The social aspects of ballpark evolution is interesting. But, for my two cents, I like it mixed with the competition ramifications of the evolution, as well. From 'original' ballparks (which had huge dimensions...sometimes not even having outfield fences)...to 'modern' parks that sprung up in the teens and twenties (which tended to be small)...to the era of 'mulit-purpose' parks (which tended to be bigger again, and often had artificial turf)...to the latest trend which hearkens back to the 'modern' parks built close to a century ago. This aspect of park evolution has dictated how 'great' has been defined through baseball's history...and is one of the primary reasons it's pretty impossible to compare players across generations.

    • glunn and Melissa like this
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Doctor Gast
Mar 19 2020 03:04 PM

I totally agree that baseball should naturally be played outside. But this is Minnesota, where most years we have snow in the beginning of the season & is cool until June & at the end of the season is cool. Myself I enjoyed playing baseball in hot weather. The Metrodome I had many fond memories besides having a controlled environment we had a substantial home field advantage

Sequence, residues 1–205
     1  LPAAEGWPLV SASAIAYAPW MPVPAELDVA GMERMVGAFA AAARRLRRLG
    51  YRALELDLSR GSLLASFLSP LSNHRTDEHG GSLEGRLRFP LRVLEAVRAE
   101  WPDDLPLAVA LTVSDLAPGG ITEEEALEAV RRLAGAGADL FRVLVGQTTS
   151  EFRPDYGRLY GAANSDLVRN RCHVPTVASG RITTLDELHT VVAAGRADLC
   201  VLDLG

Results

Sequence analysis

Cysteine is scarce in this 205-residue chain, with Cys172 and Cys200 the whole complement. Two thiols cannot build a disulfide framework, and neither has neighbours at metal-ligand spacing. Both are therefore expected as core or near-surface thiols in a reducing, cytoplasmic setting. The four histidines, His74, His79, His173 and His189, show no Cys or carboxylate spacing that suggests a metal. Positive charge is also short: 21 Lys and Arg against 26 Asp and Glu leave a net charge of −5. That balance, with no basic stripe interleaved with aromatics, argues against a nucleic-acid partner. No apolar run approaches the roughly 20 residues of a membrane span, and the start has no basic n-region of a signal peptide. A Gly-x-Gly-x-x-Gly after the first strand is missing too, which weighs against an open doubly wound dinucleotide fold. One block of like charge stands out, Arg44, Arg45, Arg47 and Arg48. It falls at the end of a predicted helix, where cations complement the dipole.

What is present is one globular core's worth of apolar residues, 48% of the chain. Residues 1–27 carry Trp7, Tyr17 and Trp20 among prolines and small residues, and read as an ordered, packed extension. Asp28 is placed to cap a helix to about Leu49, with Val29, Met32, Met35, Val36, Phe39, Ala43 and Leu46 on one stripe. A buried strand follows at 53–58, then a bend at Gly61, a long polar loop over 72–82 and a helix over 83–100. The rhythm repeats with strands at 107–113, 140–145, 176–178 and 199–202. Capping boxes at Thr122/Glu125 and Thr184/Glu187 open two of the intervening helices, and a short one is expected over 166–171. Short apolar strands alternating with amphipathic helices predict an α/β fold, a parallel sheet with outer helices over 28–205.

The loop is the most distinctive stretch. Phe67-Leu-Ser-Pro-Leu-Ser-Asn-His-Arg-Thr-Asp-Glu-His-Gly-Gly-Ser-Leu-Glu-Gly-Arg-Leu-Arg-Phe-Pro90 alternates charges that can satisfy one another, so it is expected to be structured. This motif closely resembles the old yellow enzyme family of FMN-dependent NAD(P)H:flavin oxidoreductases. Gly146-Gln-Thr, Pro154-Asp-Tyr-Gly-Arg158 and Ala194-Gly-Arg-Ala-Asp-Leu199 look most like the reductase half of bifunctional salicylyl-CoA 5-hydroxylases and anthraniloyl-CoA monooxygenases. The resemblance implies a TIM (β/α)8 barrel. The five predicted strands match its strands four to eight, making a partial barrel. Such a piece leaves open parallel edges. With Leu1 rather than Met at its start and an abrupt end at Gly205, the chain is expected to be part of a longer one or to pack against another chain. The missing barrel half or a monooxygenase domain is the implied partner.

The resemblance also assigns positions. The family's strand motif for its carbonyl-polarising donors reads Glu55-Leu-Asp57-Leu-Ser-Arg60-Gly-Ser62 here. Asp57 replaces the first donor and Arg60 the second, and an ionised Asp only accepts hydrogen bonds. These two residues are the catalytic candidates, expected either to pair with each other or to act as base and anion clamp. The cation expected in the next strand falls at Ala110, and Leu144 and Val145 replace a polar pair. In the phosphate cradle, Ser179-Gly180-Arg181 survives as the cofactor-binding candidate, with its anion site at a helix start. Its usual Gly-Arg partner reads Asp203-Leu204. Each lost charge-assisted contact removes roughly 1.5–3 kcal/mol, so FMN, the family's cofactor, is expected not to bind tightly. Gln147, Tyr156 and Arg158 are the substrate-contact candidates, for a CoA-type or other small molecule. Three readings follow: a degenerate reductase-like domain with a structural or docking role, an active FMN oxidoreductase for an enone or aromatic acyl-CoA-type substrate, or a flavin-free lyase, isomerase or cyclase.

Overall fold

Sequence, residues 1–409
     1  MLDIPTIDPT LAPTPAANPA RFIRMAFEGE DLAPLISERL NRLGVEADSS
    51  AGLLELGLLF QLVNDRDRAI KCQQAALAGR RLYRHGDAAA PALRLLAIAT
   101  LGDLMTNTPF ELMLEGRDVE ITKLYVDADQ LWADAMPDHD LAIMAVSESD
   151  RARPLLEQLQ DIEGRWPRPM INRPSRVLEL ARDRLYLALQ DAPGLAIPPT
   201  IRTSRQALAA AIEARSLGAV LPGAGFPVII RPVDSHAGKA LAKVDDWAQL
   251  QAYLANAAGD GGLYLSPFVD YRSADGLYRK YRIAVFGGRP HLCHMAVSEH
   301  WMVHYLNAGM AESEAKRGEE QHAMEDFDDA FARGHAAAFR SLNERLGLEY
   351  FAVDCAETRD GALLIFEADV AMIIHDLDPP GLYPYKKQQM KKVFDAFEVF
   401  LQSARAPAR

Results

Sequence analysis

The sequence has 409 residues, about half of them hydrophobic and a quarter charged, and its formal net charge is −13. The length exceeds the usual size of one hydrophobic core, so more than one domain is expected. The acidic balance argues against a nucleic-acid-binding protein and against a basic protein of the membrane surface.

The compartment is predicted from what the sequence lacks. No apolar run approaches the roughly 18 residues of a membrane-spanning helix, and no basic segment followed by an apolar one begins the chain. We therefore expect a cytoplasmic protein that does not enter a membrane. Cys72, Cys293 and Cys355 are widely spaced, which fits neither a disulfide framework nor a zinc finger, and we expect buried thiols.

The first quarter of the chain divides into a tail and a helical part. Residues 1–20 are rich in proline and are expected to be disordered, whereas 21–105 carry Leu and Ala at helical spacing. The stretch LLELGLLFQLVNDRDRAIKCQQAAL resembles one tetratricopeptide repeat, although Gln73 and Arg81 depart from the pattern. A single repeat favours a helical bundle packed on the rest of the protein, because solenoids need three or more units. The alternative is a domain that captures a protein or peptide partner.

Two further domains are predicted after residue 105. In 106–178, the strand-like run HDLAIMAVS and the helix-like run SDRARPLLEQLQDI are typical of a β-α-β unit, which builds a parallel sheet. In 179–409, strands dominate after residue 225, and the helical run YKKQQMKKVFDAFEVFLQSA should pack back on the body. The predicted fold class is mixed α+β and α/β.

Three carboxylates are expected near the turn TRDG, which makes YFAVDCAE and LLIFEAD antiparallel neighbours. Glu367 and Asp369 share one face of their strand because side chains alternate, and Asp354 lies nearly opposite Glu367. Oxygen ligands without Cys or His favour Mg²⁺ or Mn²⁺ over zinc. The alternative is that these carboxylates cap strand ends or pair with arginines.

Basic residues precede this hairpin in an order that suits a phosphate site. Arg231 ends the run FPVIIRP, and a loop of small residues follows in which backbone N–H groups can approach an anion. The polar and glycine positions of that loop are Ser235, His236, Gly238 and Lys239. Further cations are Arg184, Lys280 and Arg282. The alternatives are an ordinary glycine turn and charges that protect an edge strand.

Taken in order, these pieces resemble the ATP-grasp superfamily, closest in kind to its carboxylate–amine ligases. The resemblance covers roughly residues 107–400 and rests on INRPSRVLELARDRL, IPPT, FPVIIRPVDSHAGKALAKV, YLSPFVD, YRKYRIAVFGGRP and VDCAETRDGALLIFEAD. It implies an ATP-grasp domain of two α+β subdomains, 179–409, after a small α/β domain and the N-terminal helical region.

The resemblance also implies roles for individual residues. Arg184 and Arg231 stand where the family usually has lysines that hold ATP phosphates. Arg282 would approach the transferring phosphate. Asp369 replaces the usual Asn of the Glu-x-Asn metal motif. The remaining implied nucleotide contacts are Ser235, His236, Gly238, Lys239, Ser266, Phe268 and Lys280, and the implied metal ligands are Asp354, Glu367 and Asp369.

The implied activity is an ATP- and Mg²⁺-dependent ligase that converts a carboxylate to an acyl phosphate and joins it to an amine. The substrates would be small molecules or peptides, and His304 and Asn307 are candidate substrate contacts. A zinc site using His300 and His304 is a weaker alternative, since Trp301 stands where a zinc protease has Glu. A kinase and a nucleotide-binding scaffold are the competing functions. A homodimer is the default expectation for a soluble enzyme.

• glunn likes this
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Nine of twelve
Mar 19 2020 06:15 PM

I'm trying to figure out how I feel about the social segregation issue brought up by PDX. I truly don't think that those who pay extra for premium seating and/or premium amenities are doing so in order to avoid communing with the unwashed masses. I think they are doing so strictly for the premium seating and/or premium amenities. I myself don't begrudge anyone the choice to spend their money how they see fit, and if it allows ownership to increase payroll so much the better.

That said, on a day with sparse attendance I wish that fans would be allowed to move into any unoccupied seat closer to the field. Is there really any harm in that?